4. Proofs of Concept and Implementation

In this section we present two different proofs of concept to the framework presented in Section 3. The two illustrations concern two main tasks of sensors, namely, routing and relocation. They show how the principles of our framework can be used to provide more personalized routing and relocation.

WSN simulator (Castalia)

© A ©

Virtual World

Fig. 4. Virtual World-based architecture for personalization-based routing

Messages ■x and/or y. I ^migration^l

0 A ♦

Real world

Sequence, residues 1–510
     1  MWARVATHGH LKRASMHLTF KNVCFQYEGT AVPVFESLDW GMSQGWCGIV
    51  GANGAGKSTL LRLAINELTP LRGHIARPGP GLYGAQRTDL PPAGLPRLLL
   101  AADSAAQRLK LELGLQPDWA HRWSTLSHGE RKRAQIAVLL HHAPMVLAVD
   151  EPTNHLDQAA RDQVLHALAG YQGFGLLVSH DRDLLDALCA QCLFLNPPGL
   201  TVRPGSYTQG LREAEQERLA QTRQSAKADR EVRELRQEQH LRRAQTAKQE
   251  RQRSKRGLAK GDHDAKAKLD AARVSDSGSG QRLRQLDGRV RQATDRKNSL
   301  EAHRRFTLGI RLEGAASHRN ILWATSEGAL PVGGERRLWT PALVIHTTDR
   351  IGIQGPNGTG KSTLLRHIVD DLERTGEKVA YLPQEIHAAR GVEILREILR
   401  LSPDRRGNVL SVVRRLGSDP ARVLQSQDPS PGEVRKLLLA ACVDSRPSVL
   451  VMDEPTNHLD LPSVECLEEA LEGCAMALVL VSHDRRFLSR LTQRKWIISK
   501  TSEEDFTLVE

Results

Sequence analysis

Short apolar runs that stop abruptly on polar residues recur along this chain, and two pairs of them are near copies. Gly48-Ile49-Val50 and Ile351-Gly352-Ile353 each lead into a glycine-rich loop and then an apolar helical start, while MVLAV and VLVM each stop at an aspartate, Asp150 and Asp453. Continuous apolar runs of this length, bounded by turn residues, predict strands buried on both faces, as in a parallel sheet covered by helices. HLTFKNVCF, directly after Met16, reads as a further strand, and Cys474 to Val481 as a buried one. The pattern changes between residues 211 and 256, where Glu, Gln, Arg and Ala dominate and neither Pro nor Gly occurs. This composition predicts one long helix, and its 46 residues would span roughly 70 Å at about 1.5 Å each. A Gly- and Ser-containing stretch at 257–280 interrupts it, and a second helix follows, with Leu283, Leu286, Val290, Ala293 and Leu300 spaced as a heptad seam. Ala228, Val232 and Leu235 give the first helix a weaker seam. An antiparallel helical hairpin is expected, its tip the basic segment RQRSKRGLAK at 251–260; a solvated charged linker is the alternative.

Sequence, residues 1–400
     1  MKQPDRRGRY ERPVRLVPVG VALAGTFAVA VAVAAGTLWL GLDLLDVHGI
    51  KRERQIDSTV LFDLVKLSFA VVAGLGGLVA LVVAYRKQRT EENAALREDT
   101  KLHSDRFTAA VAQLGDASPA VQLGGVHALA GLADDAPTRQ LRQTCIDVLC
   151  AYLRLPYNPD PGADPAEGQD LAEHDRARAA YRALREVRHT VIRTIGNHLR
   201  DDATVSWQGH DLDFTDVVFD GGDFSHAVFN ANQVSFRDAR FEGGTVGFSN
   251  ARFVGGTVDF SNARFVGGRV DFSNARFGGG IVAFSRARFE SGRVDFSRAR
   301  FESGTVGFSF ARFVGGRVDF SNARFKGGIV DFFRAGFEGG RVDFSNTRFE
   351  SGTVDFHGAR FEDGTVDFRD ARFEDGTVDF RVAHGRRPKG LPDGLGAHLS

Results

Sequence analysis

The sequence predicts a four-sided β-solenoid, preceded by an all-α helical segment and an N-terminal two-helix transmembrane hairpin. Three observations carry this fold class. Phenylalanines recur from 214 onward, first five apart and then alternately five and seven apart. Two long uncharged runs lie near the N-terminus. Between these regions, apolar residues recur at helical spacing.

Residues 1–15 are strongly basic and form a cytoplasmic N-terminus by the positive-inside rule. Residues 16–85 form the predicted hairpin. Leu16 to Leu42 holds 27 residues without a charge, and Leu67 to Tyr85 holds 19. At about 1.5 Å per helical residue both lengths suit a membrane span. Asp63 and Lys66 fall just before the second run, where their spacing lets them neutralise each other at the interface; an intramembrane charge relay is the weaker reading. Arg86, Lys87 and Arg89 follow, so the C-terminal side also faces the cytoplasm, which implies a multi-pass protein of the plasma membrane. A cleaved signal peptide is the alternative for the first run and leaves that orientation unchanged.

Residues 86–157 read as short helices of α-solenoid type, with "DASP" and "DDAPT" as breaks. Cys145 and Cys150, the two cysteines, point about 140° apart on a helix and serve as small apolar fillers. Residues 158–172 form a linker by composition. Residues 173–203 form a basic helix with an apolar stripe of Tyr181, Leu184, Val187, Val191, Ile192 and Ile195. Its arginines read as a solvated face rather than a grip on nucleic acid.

Regarding the routing problem, most of existing routing protocols are based on one main criterion -power consumption- at the expense of other aspects such as reliability, security, or efficiency [20]. To achieve a more sensor-to-sensor personalized routing, many requirements have to be taken into account apart from power saving, namely, sensor mobility, location, space, semantics, quality of service, and trust/security [20]. In [20] we already proposed a generic multi-criteria routing framework where the selection of the best neighbor hop (to which data should be forwarded) is personalized according to the environment (context), the end-user preferences, forwarder's requirements and constraints, and receiver's constraints and requirements (sensor-to-sensor personalization). As suggested by our framework in [20], the sender node S chooses the next hop based on -among other criteria- the data (level of energy, location, supported security level, semantic capabilities, etc.) collected about its neighbors. To support this framework, we use the agent-based framework of the present paper. More specifically, each sensor node S may use a mobile agent MA (if the conditions are met, see Fig. 2.) which may migrate to S' neighbors or to the GIS-enhanced Virtual World according to the context. MAs are thus responsible of collecting/exchanging data between each other on behalf of their original sensors. The Virtual World is implemented as a java application alimented by a GIS database to mimic the Real World space (see Fig. 4). The sensor-like behavior (e.g., routing algorithms) of agents within the Virtual World is ensured by the WSN simulator engine Castalia. Currently, agents are created at the java platform (Virtual World) as the agent migration between the Real and Virtual World is not yet coded. Our priority was in fact to prove the concept of the agent-based Virtual World as a tool to achieve sensor-to-sensor personalization. Our experiments show that routes found by agents are much more personalized than those delivered by traditional routing algorithms. When a node n receives a packet (to be routed until a final destination S1) it selects the most appropriate next hop to forward data based on the semantics, the QoS, and the security level supported at each neighbor node as well as its location. This is the sensor-to-sensor personalization facet. Node n compiles thus a lot of data (which would be collected by MA) about its neighbors in order to choose the right sensor. Moreover, depending on the end-user's requirements, node n may consider different weights of the selection criteria applied to each neighbor. This is the end-user personalization facet. Consequently, the combination of the two personalization facets determines the final routing path. This path is not necessary the shortest (Fig. 5.a). For instance, if the level of security supported at each neighbor node is the main selection criterion, the route is longer but certainly more secure. More details/results about our personalization-based routing framework and can be found in [20].